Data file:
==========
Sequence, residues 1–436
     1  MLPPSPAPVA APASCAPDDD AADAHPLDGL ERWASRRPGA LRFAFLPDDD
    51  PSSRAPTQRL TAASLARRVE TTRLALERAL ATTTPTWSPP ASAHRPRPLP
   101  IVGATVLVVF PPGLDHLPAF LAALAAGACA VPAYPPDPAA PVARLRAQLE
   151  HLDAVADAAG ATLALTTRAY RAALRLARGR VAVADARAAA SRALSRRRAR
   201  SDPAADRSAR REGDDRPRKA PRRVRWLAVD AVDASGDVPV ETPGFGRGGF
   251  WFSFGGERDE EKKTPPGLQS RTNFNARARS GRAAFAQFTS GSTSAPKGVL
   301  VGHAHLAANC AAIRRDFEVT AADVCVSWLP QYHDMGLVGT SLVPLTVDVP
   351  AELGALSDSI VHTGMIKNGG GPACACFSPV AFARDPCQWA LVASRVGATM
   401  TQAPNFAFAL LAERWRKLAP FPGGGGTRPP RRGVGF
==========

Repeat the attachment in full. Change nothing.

Sequence, residues 1–436
     1  MLPPSPAPVA APASCAPDDD AADAHPLDGL ERWASRRPGA LRFAFLPDDD
    51  PSSRAPTQRL TAASLARRVE TTRLALERAL ATTTPTWSPP ASAHRPRPLP
   101  IVGATVLVVF PPGLDHLPAF LAALAAGACA VPAYPPDPAA PVARLRAQLE
   151  HLDAVADAAG ATLALTTRAY RAALRLARGR VAVADARAAA SRALSRRRAR
   201  SDPAADRSAR REGDDRPRKA PRRVRWLAVD AVDASGDVPV ETPGFGRGGF
   251  WFSFGGERDE EKKTPPGLQS RTNFNARARS GRAAFAQFTS GSTSAPKGVL
   301  VGHAHLAANC AAIRRDFEVT AADVCVSWLP QYHDMGLVGT SLVPLTVDVP
   351  AELGALSDSI VHTGMIKNGG GPACACFSPV AFARDPCQWA LVASRVGATM
   401  TQAPNFAFAL LAERWRKLAP FPGGGGTRPP RRGVGF